I have said that when we pray together without ceasing for the unity of the church we hear God speaking. We hear each other praying. We sometimes get tired and even tempted. And finally, when we pray together without ceasing for the unity of the church, we can even hear each other talking when we leave the chapel. Praying together sharpens the ears to hear not just prayers but also theological and exegetical insights. From each other we learn not only styles of prayer; we also learn styles of thought, and we learn to add these different styles to our own.
This happened to George Vandervelde, our colleague and teacher from the Christian Reformed Church who died one year ago this week. In his search for Christian unity George often prayed with Romans. This led him to decide that the Heidelberg Catechism’s statement accusing Romans of idolatry in their eucharistic teaching and practice was mistaken. His church used this teaching. So for ten years he argued with his church about it. He finally succeeded in persuading the Christian Reformed Church to lift its accusation of idolatry against Roman eucharistic teaching and practice.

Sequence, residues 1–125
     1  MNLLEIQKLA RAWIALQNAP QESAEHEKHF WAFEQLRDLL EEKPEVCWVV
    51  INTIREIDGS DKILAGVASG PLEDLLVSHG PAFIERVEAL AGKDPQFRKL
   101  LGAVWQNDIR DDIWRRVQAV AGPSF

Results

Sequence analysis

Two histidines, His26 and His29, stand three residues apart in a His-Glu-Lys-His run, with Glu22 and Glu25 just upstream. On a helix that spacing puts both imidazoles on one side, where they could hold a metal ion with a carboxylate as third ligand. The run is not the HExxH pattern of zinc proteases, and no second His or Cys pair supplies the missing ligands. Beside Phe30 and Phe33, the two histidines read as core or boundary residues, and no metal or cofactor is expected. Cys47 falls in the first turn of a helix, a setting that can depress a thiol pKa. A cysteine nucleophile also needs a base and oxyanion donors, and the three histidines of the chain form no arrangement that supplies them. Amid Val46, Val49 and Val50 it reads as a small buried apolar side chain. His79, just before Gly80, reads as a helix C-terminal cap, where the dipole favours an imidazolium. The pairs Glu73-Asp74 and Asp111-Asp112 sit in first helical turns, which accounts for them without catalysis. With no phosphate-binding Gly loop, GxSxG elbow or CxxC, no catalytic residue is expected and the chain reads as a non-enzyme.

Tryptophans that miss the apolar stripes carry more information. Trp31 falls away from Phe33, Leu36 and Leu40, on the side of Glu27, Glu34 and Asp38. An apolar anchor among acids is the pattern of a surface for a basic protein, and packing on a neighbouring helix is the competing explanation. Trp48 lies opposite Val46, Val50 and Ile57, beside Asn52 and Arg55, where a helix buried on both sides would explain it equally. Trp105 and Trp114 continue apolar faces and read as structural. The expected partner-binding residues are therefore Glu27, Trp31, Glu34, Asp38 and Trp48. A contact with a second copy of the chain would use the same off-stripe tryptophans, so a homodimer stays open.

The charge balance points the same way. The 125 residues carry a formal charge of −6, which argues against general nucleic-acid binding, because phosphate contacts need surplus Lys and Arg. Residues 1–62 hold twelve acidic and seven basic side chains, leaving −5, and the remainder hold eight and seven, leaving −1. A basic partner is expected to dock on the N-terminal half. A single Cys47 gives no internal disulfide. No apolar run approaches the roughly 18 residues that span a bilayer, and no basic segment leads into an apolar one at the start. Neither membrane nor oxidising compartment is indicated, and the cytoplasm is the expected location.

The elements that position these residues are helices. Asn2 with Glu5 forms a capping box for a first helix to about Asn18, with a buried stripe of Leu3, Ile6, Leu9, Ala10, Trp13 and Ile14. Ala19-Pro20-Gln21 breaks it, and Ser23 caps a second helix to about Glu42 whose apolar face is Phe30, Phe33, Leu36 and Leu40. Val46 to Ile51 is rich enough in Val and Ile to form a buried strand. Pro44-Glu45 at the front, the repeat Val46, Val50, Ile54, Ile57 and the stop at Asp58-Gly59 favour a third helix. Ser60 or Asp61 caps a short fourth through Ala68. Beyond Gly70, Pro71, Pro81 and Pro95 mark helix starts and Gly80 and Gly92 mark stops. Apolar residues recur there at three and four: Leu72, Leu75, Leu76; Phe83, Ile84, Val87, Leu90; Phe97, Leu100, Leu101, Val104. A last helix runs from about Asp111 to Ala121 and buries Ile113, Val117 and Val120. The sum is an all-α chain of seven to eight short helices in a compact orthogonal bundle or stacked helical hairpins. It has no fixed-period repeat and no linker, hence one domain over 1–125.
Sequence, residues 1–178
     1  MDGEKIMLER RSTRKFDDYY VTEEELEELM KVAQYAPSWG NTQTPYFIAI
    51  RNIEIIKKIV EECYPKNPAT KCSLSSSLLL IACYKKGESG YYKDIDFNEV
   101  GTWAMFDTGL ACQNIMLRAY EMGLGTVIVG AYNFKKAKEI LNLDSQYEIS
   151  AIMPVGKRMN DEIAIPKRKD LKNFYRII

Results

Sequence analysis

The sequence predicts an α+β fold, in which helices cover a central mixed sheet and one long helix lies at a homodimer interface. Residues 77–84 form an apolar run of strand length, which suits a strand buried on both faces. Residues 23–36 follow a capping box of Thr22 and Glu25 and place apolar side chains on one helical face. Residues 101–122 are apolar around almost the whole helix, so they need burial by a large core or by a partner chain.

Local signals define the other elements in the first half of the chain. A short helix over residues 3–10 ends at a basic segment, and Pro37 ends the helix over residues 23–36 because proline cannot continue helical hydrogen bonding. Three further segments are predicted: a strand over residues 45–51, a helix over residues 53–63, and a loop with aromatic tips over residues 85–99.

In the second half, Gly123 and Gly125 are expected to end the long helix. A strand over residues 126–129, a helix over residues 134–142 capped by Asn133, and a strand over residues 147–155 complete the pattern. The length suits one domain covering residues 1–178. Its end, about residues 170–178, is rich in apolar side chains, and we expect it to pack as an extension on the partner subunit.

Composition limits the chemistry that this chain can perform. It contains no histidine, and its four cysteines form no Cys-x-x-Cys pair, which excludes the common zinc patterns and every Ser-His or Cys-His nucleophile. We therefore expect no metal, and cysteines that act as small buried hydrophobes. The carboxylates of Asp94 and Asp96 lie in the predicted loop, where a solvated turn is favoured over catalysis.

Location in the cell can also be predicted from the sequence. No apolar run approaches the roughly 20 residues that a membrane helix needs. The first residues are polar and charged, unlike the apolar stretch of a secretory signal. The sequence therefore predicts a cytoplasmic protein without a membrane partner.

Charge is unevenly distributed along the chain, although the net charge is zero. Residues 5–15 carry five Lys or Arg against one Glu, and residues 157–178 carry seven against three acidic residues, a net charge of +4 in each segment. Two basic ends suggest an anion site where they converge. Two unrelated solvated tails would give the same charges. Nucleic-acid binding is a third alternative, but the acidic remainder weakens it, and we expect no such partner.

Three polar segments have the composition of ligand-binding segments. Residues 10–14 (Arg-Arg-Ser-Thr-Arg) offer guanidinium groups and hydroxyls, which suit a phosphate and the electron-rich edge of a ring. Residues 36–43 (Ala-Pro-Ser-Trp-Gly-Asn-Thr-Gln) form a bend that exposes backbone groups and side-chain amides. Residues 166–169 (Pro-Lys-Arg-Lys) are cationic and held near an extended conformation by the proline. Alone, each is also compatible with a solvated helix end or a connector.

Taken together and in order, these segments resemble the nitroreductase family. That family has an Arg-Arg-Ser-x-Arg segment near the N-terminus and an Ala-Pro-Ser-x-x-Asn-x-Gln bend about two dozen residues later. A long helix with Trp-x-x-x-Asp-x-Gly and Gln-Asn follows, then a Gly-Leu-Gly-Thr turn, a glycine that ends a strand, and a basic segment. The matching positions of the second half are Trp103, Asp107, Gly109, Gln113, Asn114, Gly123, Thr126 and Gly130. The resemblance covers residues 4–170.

When we pray together without ceasing for the unity of the church we also learn different styles of thought. I remember one dramatic experience of this very clearly. I was drafting a statement of agreement for the international dialogue between the Roman Catholic Church and the Disciples of Christ. Our topic was complex and important. We had spent five days at an ecumenical monastery for men and women. We ate together, talked together, and, repeatedly, prayed together. But now it was late at night, the meeting would end the next day, and we had run into a roadblock. As midnight came and went, our small drafting group of three colleagues sat together in a mood of dismay. We stared at the words of the Roman Catholic position and saw no way to reach agreement or even to formulate our disagreement. My mind seemed drained of thought, numb with effort. Suddenly, gently, my two Disciples colleagues, David and Nadia, began formulating the Roman Catholic position. This was my position, but they said it for me. Accurately and sympathetically, they found for me the right words to express the position of my church communion when I myself could not find them. I remember being astonished at the time, and recognizing that we had actually achieved a common mind on the question. The next day our entire dialogue group came to a major agreement because of our late-night work. We ended our week of dialogue with a service that was filled with joyful song and prayers of praise.
Such a noncompetitive achievement is sustained and made possible when we pray together without ceasing and search for the truth. When we hear God speaking, we begin to hear each other speaking as well. In fact, we begin to hear God speaking through each other and then we know that we’re really praying.